All so they could be the first one in St. Louis to have the Commodore 64 version of Grover’s Magic Numbers. Yes, there were people who risked all of that to have something that lame-sounding. And no, it didn’t sound any cooler then, but people did it.

I talked with a number of people who were caught up in that. There was a guy in Chicago who called me on a pretty regular basis for a little while. No, he didn’t dial 1-314, if you know what I mean. One day he quit calling, and not long after that, I heard the Feds caught up with him. There was a rumor that he ran away to Colorado after he got out of juvenile detention. Whatever the case, I never heard from him again.

But I never made any fraudulent long-distance calls. I had a 3.6 grade-point average, was in National Honors Society, and I was in Who’s Who Among American High School Students all four years. And I sold my first magazine article before I got my driver’s license. I wasn’t going to throw all that away just so I could make long-distance phone calls on someone else’s dime.

So why was I having anything to do with those people? Simple. We talked programming. Nothing I learned from those guys is remotely useful to me today, but it was interesting then. Sure, those guys made a lot of mistakes, and yeah, they sure did break a lot of laws, but they weren’t entirely bad.

I’m sure if my parents had known everything that was going on, they’d have gotten rid of the modem or at least severely limited what I could do with it. But they couldn’t stand over my shoulder all the time.

And besides, there wasn’t any need to worry. They’d taught me right from wrong, and what I had to lose if I stepped too far out of bounds. Sure I pushed the limits, but that’s being a teenager for you. Come to think of it, I still push the limits sometimes now, even at 31.

The primitive online communities that existed in the late 1980s and early 1990s were social communities. The only difference between that and the mall was distance. The computer took away the geographical boundaries. In that regard they’re the same as Myspace and other online communities today.

There’s potential for problems today, just like there was 17 years ago. But looking back now, there’s no question why I went online back then. It helped me deal with being a teenager. I could talk with other teenagers who were like me–there were only one or two others like me at my school, and one of them was a major-league jerk. And I could get advice from adults who were further removed from the situation and could give me advice without conflicts of interest. Whether the struggle of the day involved a soldering iron or a girl, I knew at least one person who knew the answer.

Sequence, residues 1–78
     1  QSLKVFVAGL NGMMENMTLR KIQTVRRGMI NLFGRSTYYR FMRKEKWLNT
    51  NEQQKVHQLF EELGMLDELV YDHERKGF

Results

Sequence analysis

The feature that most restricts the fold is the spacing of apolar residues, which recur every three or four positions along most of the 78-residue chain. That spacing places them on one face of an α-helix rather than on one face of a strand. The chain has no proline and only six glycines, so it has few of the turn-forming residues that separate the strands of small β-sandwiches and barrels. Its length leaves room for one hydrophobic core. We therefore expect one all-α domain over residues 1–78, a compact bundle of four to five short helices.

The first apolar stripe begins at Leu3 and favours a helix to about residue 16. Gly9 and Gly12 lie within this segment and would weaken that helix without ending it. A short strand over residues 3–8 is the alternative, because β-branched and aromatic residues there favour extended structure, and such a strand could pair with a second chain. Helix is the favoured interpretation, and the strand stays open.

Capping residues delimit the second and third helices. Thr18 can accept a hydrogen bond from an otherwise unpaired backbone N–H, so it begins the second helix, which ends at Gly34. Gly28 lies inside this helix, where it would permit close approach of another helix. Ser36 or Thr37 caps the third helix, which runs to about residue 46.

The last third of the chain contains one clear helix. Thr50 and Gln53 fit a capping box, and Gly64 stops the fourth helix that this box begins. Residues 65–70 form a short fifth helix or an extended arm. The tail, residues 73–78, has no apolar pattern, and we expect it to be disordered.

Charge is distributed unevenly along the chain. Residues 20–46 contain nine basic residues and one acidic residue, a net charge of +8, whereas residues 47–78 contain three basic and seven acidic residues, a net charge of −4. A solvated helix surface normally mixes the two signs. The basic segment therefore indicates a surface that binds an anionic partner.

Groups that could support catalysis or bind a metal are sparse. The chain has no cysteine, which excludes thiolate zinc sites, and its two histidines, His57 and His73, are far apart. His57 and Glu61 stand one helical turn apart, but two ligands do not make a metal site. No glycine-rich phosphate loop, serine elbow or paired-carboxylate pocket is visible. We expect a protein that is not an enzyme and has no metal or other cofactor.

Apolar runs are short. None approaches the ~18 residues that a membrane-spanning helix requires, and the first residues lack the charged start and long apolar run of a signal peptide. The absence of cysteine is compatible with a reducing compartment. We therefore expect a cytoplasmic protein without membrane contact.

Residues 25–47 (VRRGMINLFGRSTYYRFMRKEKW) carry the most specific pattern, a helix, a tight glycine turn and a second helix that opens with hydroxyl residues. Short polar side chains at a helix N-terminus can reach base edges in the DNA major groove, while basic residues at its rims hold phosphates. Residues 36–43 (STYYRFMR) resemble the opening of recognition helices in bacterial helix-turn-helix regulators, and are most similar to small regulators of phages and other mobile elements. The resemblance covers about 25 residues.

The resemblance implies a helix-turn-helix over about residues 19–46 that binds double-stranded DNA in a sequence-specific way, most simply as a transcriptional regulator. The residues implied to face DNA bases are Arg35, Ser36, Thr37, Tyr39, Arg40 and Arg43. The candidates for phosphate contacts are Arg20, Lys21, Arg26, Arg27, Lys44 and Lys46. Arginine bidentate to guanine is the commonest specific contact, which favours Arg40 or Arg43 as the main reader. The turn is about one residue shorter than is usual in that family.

I can think of lots of things I’d change if I could go back, but that isn’t among them. So I don’t believe isolating kids today from online communities solves anything. Kids will be kids. Hopefully they know right from wrong and what they can lose if they choose wrong.

Blocking those who would choose wrong doesn’t solve a lot. They’ll find another way to choose wrong.

Denying an important resource to those who would choose right is a greater loss. It’s much easier to find another way to choose wrong than it is to find another way to get wise counsel.

Bounty-hunting spammers

I missed posting a reference to the FTC bounty on spammers this week.

The FTC says a bounty is about the only thing that will work. In other news, the Pope is still Catholic.You can make spam illegal all you want, but the problem is tracking the people down. They’ve had years to practice concealing their origins. If you and I can’t track them down, then chances are law enforcement can’t track them down all that easily either.

Without inside information, you won’t track them down, at least not without going 1984 on everybody. And if there’s one thing that makes people scream louder than spam, it’s encroaching on their rights, whether those rights are perceived or real.

But the people with inside information don’t have much incentive to turn spammers in.

The question is where the funding comes from. Hopefully the fines levied against the lawbreakers will be enough to pay the whistleblowers. To me, it’s a very legitimate use of the money.

Of course, the direct marketing people are screaming and hollering that too much power is going to anti-spam groups. They would have less problem if they had taken a strong stand against spam in the first place.

I don’t think they’ll get much sympathy. At least I hope not. A few local business owners made headlines when they ignored Missouri’s Don’t-Call list and then were sued out of business. I didn’t have any sympathy for them. They knew the law was coming and what they had to do in order to comply. Besides, if I need my windshield fixed, do you think I’m going to wait for a telemarketer to call me in the middle of dinner?